Deal on Frist vaccine bill may be set

By MARK BENJAMIN  |  April 8, 2003 at 3:30 PM
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WASHINGTON, April 8 (UPI) -- The Senate Wednesday may strike a deal on how to handle hundreds of suits by parents who believe a common vaccine additive caused a wave of autism during the 1990s when the substance, called thimerosal, was heavily used, according to negotiators involved in talks on Capitol Hill.

If negotiations are successful, parents of children allegedly injured by vaccines in the early 1990s will still be able to seek compensation, but only under a federal program that limits payments and not in court.

Those parents were outraged late last year when Republicans in Congress quietly slipped a provision into homeland security legislation that would have insulated vaccine giant Eli Lilly from thimerosal suits. Congress repealed that provision two months later.

Senate Majority Leader Bill Frist, R-Tenn., and Senate Health Committee Chairman Sen. Judd Gregg, R-N.H., Tuesday held a news conference to support their "Improved Vaccine Affordability and Availability Act." The original version of that legislation would also have barred those families from compensation, similar to the provision that was in the homeland security bill.

But negotiators on Capitol Hill said privately that Frist might agree to alter his legislation Wednesday to give those parents a one-year grace period to pursue their claims -- but only in a federal program administered by the Department of Health and Human Services that limits some claims to $250,000. Those claims would be barred from court.

Frist said Tuesday he might be willing to alter his bill and allow some of those complaints from the early 1990s to receive some compensation.

"We will look and see how far you should go back," he said. "That is an issue that we will look at tomorrow."

Under the bill, new injuries from vaccines would also go into the federal program, but would still have the option of later going to court.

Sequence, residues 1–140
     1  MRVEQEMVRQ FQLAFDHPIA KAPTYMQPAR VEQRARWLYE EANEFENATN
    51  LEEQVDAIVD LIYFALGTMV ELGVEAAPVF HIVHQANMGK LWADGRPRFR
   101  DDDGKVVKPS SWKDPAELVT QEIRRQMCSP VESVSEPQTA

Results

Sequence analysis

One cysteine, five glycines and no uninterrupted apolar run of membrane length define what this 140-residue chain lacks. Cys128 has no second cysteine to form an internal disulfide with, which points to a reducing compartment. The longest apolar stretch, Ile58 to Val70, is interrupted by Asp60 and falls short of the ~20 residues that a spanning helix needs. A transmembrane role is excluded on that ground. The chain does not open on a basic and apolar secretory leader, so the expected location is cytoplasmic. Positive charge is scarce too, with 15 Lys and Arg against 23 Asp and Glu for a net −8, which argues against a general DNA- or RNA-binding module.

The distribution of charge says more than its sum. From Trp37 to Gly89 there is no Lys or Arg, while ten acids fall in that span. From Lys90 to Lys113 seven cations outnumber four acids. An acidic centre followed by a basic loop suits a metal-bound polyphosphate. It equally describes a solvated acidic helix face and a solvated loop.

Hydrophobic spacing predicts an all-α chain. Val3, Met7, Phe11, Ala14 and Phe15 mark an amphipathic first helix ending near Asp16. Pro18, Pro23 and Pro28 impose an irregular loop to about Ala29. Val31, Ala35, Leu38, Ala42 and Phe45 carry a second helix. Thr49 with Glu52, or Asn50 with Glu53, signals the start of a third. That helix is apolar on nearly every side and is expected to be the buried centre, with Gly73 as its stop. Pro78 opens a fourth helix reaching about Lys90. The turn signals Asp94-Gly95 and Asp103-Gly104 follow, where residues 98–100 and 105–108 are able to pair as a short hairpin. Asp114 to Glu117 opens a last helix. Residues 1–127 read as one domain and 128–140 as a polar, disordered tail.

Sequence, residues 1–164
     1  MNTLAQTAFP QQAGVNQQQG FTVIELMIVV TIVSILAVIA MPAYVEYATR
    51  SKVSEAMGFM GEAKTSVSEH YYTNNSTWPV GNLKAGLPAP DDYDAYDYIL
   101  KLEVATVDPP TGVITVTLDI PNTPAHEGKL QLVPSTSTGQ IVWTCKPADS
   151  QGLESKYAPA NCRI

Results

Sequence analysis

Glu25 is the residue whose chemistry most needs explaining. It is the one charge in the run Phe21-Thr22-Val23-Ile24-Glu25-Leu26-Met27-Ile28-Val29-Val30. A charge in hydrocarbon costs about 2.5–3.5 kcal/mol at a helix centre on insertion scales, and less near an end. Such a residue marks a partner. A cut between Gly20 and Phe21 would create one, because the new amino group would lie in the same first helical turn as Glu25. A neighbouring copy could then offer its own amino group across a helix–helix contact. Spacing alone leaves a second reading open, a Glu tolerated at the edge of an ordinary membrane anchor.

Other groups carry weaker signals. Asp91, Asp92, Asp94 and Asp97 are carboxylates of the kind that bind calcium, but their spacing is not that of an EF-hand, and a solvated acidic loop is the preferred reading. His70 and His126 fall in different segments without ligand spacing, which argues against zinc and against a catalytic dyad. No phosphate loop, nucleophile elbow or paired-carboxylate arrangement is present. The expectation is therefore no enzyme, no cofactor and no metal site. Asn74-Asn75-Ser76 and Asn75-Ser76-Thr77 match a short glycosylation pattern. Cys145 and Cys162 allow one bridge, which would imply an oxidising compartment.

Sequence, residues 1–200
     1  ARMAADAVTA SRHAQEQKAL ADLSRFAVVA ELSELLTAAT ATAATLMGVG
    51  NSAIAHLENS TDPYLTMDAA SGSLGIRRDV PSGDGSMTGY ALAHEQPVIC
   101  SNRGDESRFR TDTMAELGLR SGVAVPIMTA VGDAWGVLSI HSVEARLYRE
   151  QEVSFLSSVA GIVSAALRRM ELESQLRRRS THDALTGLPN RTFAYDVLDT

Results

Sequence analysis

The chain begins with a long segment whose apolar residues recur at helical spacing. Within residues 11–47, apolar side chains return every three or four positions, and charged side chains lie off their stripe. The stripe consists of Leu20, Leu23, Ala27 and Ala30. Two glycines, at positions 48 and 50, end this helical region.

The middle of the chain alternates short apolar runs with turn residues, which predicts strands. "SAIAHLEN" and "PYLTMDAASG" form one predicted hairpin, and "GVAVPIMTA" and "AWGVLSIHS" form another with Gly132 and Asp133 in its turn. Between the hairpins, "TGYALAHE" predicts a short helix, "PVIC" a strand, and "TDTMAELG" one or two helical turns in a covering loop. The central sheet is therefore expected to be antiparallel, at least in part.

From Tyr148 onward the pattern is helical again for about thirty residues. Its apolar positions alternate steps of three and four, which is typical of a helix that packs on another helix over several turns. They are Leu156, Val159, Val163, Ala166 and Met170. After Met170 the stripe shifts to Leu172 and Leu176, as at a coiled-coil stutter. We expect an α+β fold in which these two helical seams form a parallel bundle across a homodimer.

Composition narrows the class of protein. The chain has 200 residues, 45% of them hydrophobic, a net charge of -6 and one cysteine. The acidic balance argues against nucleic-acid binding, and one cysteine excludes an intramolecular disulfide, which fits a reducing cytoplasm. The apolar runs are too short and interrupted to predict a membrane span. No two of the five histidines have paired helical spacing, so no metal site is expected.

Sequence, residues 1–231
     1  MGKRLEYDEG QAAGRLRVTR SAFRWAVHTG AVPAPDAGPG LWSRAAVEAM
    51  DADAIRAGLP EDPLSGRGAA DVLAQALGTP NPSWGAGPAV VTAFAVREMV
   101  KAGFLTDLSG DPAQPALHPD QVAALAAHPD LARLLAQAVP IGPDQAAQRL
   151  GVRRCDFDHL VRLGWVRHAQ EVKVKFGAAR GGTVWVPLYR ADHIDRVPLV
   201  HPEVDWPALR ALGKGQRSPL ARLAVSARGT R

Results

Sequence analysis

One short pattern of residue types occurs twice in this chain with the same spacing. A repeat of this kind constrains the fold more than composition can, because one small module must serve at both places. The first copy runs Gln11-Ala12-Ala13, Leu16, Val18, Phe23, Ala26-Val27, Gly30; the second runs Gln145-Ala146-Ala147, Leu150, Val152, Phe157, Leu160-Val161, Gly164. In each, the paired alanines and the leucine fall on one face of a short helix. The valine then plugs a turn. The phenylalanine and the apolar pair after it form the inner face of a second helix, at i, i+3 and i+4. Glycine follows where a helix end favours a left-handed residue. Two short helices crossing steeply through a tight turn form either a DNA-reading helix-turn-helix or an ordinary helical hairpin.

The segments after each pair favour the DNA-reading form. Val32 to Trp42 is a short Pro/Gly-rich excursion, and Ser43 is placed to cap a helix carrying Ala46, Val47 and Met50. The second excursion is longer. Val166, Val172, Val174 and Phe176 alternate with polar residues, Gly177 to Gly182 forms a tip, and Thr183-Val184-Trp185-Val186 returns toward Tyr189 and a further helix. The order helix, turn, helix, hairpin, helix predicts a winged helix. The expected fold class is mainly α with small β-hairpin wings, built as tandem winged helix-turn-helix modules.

Parent of autistic children criticized any effort to derail their claims as a payoff to vaccine manufacturers.

"I think that you are either for mercury poisoning and drug companies, or you are for vaccine injury compensations regardless of the time period and you are for justice," said Lara Bono, a North Carolina woman whose son, Jackson, began exhibiting symptoms of autism on Aug. 14, 1990, four days after receiving a series of shots containing thimerosal.

Bono says that within two weeks, Jackson stopped responding to his parents. Two weeks later he would not make eye contact.

"Fast forward another couple of months and he was gone," Bono said. "The mercury was in his brain."

Like most parents, she did not realize that thimerosal might have played a role until the late 1990s, when vaccine manufacturers began to remove it from vaccines.

The American Academy of Pediatricians did not call for the removal of thimerosal from vaccines until 1999, though it says there is no evidence proving a link.

Scientists disagree over whether thimerosal causes autism.

Gregg said his legislation would help prevent the threat of lawsuits from crippling the vaccine industry.

"The fact is that our vaccine industry has been essentially wiped out and it has been wiped out by fear of liability," Gregg said Tuesday at a news conference in support of his bill.

Frist said some lawsuits threatening the industry were "unnecessary and expensive."

Once a sleepy backwater of the global healthcare industry, vaccines are now outpacing drugs in terms of sales growth. Global market is now at $6.5 billion. The total market is expected to top $10 billion by 2010. The vaccine market had 14 percent compound annual growth throughout 1990s -- drug sales grew at 8 percent during the same time period.

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